Chief Financial Officer Terry Crews repeated the company's projection, first made in February, for earnings per share growth of 4% to 6% in 2002 and 4% to 9% in 2003, excluding charges and the effect of new accounting rules, beginning with 2002 results.
After that, growth is expected to accelerate in 2004 and beyond as Monsanto receives additional regulatory approvals for biotech products and expands use of its current biotech products in new markets, Mr. Crews said.
A survey of analysts by by Thomson Financial/First Call, which also excludes items, calls for the company to earn $2.03 a share in 2002 and $2.25 a share in 2003. Monsanto reported earnings of $1.80 a share in 2001.
Mr. Crews said the company had free cash flow of $183 million in 2001 and plans to more than double that in 2002 and increase it by an additional 10% to 30% in 2003.
"The strategy we're implementing also prepares us for double-digit earnings growth in the medium to long term as we realize global expansion of current and future products," Hendrik Verfaillie, president and chief executive, said in a statement. "In the interim, the company will fine-tune its organizational structure, including the rationalization of some facilities and a small reduction in staff."
Monsanto is developing bioengineered seeds and pesticide products in competition with market rivals such as DuPont Co. (DD, news, msgs).
Just this week, Monsanto and DuPont signed a cross-licensing agreement and agreed to dismiss all pending lawsuits, resolving a number of old patent disputes.
Speaking at the investors conference, Chief Operating Officer Hugh Grant said the percentage of revenue coming from Monsanto's seeds and genomics business will increase. That business accounted for 31% of revenue in 2001 but is expected to increase to 55% in 2007, he said.
The amount of crop acreage that has genetically modified seeds continues to grow, Chief Executive Hendrik Verfaillie said. That acreage was 130 million last year, compared with 109 million in 2000. That amount was just four million acres in 1996. Mr. Verfaillie attributed the increased acreage to biotechnology decreasing farmers' costs while increasing yields.
Monsanto spent $560 million on research and development last year, Chief Technology Officer Robb Fraley said. Of the research-and-development spending, 83% went to biotechnology and seeds, and 17% went to the agricultural/chemical business, Mr. Verfaillie said.
Monsanto is keeping an eye on five regulatory approvals, Mr. Verfaillie said. One of those is getting approval for planting Roundup Ready soybeans in Brazil, where Monsanto is waiting for two appeal judges to decide if that can be done. The lead judge already has given his approval. The company expects a decision soon, with the goal of planting Roundup Ready soybeans in Brazil in October, Mr. Verfaillie said.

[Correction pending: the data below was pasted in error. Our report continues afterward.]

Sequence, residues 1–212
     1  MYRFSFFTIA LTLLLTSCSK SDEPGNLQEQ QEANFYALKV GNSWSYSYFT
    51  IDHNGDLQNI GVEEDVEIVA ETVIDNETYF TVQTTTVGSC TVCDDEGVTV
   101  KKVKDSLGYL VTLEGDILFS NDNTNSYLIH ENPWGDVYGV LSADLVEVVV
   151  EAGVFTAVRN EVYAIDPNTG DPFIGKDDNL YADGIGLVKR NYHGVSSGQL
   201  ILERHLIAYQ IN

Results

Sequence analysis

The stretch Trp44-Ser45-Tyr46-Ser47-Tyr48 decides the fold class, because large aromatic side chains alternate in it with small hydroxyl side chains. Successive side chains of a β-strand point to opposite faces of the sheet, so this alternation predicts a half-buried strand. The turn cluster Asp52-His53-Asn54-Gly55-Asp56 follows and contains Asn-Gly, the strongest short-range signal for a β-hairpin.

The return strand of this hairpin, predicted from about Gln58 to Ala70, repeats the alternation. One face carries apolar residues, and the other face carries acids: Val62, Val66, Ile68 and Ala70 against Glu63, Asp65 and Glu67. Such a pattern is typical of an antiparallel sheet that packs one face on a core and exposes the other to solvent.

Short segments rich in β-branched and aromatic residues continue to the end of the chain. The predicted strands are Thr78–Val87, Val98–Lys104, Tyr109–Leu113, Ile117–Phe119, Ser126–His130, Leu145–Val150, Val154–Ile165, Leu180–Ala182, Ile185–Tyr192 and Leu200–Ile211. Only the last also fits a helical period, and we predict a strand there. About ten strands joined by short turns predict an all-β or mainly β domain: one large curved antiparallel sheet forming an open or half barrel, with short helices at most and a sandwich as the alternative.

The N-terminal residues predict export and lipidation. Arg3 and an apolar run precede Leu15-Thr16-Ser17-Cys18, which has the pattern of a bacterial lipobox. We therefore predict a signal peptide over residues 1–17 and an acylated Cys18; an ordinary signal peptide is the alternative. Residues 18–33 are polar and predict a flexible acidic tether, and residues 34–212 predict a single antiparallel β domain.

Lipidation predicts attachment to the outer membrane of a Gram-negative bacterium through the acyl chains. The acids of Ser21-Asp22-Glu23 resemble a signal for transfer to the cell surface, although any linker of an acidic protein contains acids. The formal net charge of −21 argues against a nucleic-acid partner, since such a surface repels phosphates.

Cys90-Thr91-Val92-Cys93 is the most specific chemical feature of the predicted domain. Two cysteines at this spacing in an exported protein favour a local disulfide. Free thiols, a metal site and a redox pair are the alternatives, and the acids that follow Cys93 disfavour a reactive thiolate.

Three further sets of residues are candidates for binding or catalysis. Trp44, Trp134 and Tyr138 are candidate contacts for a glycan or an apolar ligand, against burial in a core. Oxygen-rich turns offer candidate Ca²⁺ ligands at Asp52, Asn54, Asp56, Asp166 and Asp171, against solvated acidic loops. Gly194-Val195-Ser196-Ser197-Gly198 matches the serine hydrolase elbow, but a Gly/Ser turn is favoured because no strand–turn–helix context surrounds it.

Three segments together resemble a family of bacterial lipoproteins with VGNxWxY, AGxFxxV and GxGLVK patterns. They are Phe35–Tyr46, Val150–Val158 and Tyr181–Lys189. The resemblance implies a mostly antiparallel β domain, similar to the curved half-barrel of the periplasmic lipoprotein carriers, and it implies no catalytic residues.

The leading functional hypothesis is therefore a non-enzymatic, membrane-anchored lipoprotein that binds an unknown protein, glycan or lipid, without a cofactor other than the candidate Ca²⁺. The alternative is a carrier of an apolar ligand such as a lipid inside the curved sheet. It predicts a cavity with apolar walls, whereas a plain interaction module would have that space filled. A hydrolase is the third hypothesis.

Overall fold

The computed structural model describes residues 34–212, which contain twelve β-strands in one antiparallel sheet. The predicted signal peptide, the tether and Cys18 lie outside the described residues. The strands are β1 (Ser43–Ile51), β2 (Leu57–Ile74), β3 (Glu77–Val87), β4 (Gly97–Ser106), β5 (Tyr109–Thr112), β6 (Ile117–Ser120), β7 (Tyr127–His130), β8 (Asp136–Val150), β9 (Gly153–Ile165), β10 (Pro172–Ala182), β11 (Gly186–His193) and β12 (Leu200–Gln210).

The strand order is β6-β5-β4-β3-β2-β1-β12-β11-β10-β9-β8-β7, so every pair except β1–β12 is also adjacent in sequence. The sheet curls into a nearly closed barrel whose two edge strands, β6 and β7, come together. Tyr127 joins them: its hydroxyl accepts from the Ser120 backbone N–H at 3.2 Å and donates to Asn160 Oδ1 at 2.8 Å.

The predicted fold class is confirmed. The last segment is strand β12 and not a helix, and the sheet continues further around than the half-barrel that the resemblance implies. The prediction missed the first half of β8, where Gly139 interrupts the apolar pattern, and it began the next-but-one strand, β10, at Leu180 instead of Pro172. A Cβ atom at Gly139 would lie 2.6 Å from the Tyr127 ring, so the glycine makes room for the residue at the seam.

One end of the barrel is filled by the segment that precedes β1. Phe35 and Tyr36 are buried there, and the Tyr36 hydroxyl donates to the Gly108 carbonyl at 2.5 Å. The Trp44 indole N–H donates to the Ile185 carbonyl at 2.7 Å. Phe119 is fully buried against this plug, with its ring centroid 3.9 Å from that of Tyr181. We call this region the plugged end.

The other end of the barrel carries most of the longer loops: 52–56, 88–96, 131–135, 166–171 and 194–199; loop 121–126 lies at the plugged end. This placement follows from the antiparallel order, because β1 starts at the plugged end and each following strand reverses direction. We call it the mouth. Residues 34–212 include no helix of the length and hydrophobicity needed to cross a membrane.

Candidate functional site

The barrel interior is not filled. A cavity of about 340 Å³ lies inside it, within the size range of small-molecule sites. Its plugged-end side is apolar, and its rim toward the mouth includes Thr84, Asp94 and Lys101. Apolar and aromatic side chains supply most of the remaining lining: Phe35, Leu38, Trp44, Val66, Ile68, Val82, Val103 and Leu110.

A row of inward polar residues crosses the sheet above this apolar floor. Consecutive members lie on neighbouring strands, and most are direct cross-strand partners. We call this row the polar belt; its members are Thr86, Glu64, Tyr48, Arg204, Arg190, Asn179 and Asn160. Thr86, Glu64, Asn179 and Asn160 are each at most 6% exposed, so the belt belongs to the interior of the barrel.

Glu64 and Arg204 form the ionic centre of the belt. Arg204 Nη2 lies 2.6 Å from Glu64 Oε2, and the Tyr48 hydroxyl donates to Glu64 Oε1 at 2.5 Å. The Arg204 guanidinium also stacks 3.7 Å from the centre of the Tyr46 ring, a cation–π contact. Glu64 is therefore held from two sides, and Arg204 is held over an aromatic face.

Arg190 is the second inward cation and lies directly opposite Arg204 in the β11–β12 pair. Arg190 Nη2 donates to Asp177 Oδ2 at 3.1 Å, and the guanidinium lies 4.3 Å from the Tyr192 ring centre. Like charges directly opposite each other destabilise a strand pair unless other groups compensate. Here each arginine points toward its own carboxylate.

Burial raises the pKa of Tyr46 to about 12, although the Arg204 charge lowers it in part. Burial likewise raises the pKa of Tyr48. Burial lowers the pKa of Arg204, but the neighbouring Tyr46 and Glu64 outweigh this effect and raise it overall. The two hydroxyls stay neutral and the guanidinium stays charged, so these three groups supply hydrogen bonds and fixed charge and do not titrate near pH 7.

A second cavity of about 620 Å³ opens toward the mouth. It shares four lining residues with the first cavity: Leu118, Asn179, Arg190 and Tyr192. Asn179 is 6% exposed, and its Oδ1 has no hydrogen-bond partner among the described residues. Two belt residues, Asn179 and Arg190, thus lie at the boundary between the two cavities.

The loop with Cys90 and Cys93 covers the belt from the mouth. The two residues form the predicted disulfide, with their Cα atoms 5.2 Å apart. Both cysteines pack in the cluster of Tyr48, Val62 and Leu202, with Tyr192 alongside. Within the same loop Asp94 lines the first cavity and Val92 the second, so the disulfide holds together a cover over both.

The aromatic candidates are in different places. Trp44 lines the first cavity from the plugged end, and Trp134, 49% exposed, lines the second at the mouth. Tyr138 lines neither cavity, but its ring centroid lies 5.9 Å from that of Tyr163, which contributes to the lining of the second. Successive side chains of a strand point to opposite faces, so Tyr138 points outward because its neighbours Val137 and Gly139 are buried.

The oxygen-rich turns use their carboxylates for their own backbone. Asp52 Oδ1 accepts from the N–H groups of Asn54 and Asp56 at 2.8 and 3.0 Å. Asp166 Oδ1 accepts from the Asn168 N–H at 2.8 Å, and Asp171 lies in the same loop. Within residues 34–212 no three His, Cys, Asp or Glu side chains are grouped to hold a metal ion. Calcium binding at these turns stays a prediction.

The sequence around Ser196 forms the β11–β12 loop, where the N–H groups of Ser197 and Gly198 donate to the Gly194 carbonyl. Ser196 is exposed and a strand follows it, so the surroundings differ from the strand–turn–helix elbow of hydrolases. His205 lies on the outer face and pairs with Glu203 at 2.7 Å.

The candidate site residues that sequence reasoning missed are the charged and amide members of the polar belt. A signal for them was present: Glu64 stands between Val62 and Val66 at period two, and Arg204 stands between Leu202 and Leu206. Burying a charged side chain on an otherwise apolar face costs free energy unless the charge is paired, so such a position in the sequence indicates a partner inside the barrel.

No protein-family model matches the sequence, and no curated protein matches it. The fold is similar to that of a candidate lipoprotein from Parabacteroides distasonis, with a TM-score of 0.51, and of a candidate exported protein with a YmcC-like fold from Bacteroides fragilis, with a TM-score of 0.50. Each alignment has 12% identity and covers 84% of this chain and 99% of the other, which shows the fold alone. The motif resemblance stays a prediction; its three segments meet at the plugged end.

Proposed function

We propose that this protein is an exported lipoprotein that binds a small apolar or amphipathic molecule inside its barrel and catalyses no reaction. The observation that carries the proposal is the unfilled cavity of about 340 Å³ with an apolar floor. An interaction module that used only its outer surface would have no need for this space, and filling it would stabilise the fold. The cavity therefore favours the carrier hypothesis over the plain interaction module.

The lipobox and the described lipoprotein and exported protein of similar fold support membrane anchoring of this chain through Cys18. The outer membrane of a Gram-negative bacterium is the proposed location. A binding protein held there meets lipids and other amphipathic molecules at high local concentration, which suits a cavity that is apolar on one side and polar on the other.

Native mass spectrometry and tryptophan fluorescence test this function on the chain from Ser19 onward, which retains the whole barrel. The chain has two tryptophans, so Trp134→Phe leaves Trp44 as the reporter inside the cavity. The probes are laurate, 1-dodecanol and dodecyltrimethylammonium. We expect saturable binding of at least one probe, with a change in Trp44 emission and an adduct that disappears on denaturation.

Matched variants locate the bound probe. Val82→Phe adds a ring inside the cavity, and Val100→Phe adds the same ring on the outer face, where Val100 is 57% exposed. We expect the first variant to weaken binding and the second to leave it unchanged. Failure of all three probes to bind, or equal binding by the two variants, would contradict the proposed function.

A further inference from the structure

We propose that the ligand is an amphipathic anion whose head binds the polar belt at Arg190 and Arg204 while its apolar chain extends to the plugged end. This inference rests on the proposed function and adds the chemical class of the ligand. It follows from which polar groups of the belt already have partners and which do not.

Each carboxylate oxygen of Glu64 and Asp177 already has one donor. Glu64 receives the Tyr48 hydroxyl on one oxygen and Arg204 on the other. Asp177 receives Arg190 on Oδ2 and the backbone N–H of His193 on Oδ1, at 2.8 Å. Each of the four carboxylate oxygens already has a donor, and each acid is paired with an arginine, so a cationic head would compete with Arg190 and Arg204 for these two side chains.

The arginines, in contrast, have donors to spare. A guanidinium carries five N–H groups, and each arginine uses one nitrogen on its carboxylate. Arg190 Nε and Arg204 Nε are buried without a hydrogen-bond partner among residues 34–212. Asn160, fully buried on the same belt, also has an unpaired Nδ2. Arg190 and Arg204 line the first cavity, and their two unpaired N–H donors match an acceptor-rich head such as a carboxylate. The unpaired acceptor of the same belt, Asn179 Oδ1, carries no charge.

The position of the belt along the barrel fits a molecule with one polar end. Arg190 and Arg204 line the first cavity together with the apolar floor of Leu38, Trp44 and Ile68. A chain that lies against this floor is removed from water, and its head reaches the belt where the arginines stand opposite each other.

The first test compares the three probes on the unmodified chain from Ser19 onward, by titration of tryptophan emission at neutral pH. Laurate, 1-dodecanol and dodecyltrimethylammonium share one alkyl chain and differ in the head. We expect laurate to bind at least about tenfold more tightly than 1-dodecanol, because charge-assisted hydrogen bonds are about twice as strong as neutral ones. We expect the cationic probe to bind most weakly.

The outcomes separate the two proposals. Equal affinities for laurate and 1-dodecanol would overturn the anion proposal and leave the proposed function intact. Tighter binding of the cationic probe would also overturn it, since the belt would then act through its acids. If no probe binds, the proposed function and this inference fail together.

If that approval comes, it would open up the Latin American market for Roundup Ready corn, Mr. Verfaillie said. It also would put added pressure on European and other countries to approve biotechnology, he said.
Monsanto is 85%-owned by drug maker Pharmacia Corp. (PHA, news, msgs) of Peapack, N.J., which plans to spin off the stake in the fourth quarter.
-- Desiree J. Hanford of Dow Jones Newswires contributed to this article. Copyright 2002 Dow Jones & Company, Inc.
3. USA: Biotech dispute settled out of court by Monsanto and DuPont
03 Apr 2002
Source: just-food.com editorial team
Biotech giants Monsanto and DuPont signed a deal yesterday [Tuesday] to put to rest the long-standing 11 lawsuits between them over GM seeds.
The bitter dispute started in the early 1990s, early days for the biotech industry, when DuPont's subsidiary Pioneer Hi-Bred International, the largest seed company in the world, first used the genes produced by Monsanto to develop Roundup Ready soybeans and insect-resistant corn.
Monsanto, a newcomer with its yet unproven GM crops, needed to interest Pioneer in order to get its genes into the most popular varieties of corn and soybeans. With this in mind, the company allowed Pioneer access to the genes in return for small payments and no royalties.
When the GM crops proved popular, this policy proved problematic for Monsanto, and sparked a long running battle for payment of royalties.
The out of court settlement made yesterday will allow Pioneer to keep selling Roundup Ready soybeans, but from now on it will have to pay a royalty to Monsanto for access to certain genes and technology.
Pioneer meanwhile will gain licenses in exchange for the royalties, to give the company market access for Roundup Ready corn (put on sale by Monsanto) and another corn both companies are developing, which is resistant to rootworm.
Howard L. Minigh, a group VP for agriculture and nutrition at DuPont,
told the New York Times that the deal proved how "'intellectual property
disputes in our industry can be resolved by ways other than long, drawn-out
The financial details of the settlement have not been disclosed, but company executives did reveal that no payments would be made for past damages.